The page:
Culture Shock and Living With It

Last weekend I travelled west to Stuttgart for an assessment center, which took place on Monday and Tuesday. Okay, so I didn’t get the job, but it was an amazing experience, where I got to meet lots of like-minded (i.e. business-minded and high-achieving) Germans and just not through S.

It was nice to be reminded that I am also a qualified person, I also seek many high-achieving dreams like these people, and my German was truly conversational. I could understand 95% of the time, and could respond in a way where my grammar was off and on right, but completely understandable. And I didn’t have to nudge S to say, hey what did he just say? Well, he couldn’t be there at that very spot with me, though he did do the big trip with me.

The city was also beautiful and quaint, with (very) German-styled architecture, yet with the view of the mountains and rivers. Apart from that, I would say the city is more similar to Singapore. The cars were fancy, the roads were clean, the people were rich and career-driven.

Returning to Berlin was a little strange. There I was, back in the capital of this country, and then I hunched back and returned into my comfort zone of jeans and sneakers. Then I went to class and met with artists (painters, directors, photographers) and spoke to people 10 years younger than me, or 20 years older than me, with their dreams of making it in Berlin – the fellow jobseekers.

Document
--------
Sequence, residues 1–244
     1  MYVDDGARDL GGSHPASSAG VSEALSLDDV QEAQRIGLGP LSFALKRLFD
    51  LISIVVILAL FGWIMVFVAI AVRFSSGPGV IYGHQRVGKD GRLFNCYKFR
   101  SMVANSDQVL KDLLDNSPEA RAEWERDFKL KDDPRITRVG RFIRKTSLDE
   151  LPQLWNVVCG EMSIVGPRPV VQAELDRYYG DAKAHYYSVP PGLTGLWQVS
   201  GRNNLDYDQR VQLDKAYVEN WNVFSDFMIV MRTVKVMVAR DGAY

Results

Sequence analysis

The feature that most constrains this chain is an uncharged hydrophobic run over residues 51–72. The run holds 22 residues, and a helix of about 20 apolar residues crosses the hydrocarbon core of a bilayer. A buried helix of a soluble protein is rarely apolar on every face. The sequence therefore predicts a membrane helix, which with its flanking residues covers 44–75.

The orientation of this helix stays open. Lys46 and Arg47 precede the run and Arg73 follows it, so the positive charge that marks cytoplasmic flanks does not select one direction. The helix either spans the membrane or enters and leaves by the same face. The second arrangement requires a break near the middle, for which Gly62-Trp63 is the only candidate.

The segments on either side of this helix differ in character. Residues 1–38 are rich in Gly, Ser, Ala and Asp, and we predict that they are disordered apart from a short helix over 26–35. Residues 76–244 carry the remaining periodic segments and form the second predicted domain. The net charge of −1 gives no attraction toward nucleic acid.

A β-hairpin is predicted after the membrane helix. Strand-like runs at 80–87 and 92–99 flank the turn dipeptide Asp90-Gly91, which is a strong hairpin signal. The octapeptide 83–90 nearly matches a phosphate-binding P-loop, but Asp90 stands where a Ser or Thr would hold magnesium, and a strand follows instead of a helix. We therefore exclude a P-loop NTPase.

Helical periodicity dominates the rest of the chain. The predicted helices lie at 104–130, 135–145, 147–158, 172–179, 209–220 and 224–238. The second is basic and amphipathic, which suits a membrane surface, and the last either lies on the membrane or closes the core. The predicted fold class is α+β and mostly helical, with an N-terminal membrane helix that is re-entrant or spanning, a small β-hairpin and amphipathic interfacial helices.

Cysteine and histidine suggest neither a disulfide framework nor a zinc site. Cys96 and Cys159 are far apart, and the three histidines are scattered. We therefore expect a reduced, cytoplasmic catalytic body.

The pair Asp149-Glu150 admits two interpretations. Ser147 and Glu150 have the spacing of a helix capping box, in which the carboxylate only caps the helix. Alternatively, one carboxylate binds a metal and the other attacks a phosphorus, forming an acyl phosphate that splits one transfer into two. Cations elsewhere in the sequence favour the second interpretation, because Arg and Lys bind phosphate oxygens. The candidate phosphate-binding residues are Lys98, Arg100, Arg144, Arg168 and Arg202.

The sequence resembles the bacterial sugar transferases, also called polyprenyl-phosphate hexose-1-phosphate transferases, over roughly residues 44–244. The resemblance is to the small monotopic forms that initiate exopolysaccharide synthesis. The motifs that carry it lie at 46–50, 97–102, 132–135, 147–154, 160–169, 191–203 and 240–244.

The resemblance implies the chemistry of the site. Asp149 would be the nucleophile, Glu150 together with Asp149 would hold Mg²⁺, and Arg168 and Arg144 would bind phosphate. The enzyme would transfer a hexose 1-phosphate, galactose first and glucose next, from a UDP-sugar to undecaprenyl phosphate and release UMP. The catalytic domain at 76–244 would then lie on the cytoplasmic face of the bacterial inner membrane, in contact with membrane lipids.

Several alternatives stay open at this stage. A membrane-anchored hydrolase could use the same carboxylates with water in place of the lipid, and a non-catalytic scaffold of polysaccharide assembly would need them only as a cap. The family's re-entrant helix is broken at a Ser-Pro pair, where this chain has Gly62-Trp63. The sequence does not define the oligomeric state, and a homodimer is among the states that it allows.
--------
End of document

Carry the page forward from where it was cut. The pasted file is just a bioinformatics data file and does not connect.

The buildings are grey but the city still sparkled in an unconventional way – and it’s strange to still find it unconventional. It should be conventional now that I see it every day for seven months. It’s the city where rules aren’t rules.

It’s interesting now that I can really foresee living in both cities, it would be perfectly okay. It used to be just a catchphrase, a way to sound cool. I don’t know where I’ll be in a few months. I don’t know where I’ll live in a few years. It depends on so many things – my career for example would play a huge role. But it is a good feeling to truly be at peace with myself and say, it’s true. I can foresee myself living in a different city.

From LDR to LT (Living Together)

Having spent two years in a long distance relationship, you’d think that life is a bed of roses when you dramatically slow-jog into each other’s arms, and passionately kiss each other like each day is your last.

Not quite.

To be honest, I spent the first month getting used to living with the love of my life. Nobody said it was easy – We’ve both been warned (just days before living together) that cohabiting could make or break you. I mean, are you really sure you love the person enough to be able to stand being around them all the time? To see them and their habits in their natural habitat?